Today mark’s the 80th anniversary of RAF Lossiemouth opening.
To celebrate, we’ve had a look in our archives for pictures of the base from through the years.
We are also asking people for their favourite memories of being stationed at the Moray base and living in the area.
Send your memories and pictures to firstname.lastname@example.org
Here is our selection:
Junior technician Kevin Barclay from Inverness testing a control and release computer from a Buccaneer at the Lossiemouth base. Picture taken 29 September 1983.
Brian Currie, 237 Field Squadron, Airfield Damage Repair Unit based at RAF Lossiemouth with two youngsters on the Sultan Command Vehicle at the army exhibition in the Cooper Park, Elgin. The youngsters are Gary McRobbie (top) and Kyle McIlwraith (bottom) both aged six. Picture taken 25 July 1994.
Group Captain Sandy Wilson CO RAF Lossiemouth walks proudly with the rescue crew of the Sea King. (Left to right) Flt. Lieut. Captain Mike Lakey; Flt Lieut. Bill Campbell; Sgt. Rick Bragg; Group Captain Wilson and Squadron Leader Hamish Grant Senior Medical Officer.” Picture taken 2 October 1980.
The picture marked the end of Britain’s battling Buccaneers. The Lossiemouth based jet bombers, which helped to win the Gulf War were heading for the scrapyard.
It was the end of a glorious era stretching back more than 30 years – and it also closed a famous chapter in the history of RAF Lossiemouth. Only 24 of the ageing Buccaneers remained in service with the RAF at the time – all of them at the Moray air base.
Wing Commander Nigel Huckins, Officer Commanding with No. 208 Squadron, IS pictured in front of the Buccaneer with its range of weapons.” Picture taken 22 September 1993.
A formation of four Buccaneer jets – still in their Gulf War desert colours, and followed by a similar formation of Jaguar jets – flew low over the centre of Lossiemouth on this day. In the town square below, the officers and men of RAF Lossiemouth marched proudly, with bayonets fixed, drums beating and colours flying.
The occasion, studded with pomp and ceremony, was the official granting of the Freedom of Moray to the Lossiemouth air base – the highest accolade the local authority can bestow. On the march – Group Captain Jon Ford and Councillor Edward Aldridge take the salute during the march past in front of the war memorial. Picture taken 3 April 1992.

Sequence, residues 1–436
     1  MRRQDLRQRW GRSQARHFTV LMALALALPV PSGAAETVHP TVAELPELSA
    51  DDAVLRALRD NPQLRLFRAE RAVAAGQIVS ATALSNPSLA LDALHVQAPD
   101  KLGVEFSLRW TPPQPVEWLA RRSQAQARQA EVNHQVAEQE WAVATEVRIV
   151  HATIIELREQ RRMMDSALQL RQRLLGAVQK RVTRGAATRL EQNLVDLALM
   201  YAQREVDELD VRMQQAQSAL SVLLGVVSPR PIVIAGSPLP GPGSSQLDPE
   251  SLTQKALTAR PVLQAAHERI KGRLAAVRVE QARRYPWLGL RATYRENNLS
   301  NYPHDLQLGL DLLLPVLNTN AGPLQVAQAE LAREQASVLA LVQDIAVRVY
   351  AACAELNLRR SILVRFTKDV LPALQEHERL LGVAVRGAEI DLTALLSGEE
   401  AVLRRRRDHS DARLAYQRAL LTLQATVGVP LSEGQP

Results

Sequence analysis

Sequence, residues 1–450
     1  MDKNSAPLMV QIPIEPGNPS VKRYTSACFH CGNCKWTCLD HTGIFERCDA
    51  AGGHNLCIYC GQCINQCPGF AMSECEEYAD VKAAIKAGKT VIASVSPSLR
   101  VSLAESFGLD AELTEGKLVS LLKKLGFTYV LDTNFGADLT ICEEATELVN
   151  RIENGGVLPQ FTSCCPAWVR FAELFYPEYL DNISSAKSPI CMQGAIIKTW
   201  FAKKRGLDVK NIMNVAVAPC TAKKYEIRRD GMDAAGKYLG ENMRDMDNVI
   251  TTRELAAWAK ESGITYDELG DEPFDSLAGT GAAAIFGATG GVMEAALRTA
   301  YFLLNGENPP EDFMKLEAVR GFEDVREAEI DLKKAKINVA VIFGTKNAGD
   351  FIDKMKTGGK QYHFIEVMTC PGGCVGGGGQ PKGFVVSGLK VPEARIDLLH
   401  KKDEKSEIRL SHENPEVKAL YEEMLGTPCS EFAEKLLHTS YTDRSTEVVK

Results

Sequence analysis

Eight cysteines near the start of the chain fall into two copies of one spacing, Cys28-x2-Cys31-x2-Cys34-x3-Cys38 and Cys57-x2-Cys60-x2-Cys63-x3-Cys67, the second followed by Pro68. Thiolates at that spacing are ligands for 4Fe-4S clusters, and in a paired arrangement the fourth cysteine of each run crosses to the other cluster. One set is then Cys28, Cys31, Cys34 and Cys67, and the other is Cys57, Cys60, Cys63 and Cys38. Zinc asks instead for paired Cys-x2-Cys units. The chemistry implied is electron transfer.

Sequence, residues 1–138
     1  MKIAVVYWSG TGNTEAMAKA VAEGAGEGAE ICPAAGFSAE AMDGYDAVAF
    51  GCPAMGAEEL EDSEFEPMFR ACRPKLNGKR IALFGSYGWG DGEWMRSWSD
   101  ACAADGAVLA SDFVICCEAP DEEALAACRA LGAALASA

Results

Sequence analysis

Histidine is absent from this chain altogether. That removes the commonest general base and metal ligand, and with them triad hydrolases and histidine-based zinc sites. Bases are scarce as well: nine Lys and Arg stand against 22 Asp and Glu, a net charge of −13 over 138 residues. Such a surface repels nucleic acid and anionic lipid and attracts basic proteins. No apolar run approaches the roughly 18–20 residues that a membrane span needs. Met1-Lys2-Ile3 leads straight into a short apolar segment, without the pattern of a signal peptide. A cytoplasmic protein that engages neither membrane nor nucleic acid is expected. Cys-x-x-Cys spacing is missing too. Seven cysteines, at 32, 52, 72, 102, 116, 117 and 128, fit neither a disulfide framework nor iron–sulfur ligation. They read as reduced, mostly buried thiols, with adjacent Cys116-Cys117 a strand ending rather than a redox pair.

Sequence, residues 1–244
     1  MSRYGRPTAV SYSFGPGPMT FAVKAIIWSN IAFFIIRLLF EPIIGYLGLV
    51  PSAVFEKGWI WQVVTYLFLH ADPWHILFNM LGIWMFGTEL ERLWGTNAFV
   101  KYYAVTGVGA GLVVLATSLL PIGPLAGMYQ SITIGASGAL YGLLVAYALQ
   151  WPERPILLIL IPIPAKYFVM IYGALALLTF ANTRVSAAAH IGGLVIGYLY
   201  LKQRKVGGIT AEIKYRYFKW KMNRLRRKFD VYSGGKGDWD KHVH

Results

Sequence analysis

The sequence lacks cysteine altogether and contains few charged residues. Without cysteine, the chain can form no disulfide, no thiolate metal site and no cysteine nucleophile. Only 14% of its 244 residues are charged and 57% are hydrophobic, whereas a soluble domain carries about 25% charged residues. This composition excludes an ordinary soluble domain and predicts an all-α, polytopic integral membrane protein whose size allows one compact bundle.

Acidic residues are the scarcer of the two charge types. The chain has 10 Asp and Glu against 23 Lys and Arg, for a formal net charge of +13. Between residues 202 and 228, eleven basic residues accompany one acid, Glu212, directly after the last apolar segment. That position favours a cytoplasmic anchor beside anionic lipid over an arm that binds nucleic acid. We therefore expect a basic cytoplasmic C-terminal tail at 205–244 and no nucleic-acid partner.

The Dambusters swapped their flying suits for shorts and running shoes for a mission with a difference. In 1994 a team of 24 fliers and groundcrew from the squadron set out from their new base at RAF Lossiemouth for a 240 mile relay run to Berwick. The run was organised in a bid to recover 617 Squadron’s coveted crest parchment which the Admin Wing at RAF Marham Norfolk is holding ransom. Picture taken 15 July 1994.
On their marks for the relay challenge are, left, Cpl Tim Baxter, and, right, Flt Lt Dave Ballance, with the nose of one of their Tornados from 617 Squadron, the Dambusters.
The Sea King crew who rescued 22 people from the blazing chemical cargo ship Finneagle are (left to right) – Sgt. Rick Bragg, pilot Flt. Lt. Miket Makey, Flt. Lt. Bill Campbell, Flt. Lt. Dave Simpson and Sqn. Ldr. Hamish Grant. Picture taken 2 October 1980.
Photographed at RAF Lossiemouth after returning from Shetland are the air crew of the rescue helicopter involved in the Lunodods shipwreck. (L-R) Sergeant Steve Labouchardiere, Squadron Leader Dave Simpson, Sgt Chris Bodiam and Fl Lt Mark Francey.” Picture taken 8 November 1993.
Flying Officer Steve Macnamara parades the scroll conferring the Freedom of Moray on RAF Lossiemouth through the town at the weekend. Picture taken 3 April 1992.
Four legged friends of the canine variety leapt to help keep young patients at a Moray hospital smiling. The RAF police dog demonstration team from RAF Lossiemouth presented two televisions and two video recorders to the children’s ward at Dr Gray’s Hospital in Elgin.
And they delighted youngsters and staff by bringing along top dog Banjo. The police dog demonstration team took part in events all round the country and that year raised £1,000 thanks to donations.”
“Dr Gray’s Hospital patient Fiona Urquhart, 7 cuddles RAF Police dog Banjo, held by Cpl Ian Booth.” Picture taken 27 March 1990.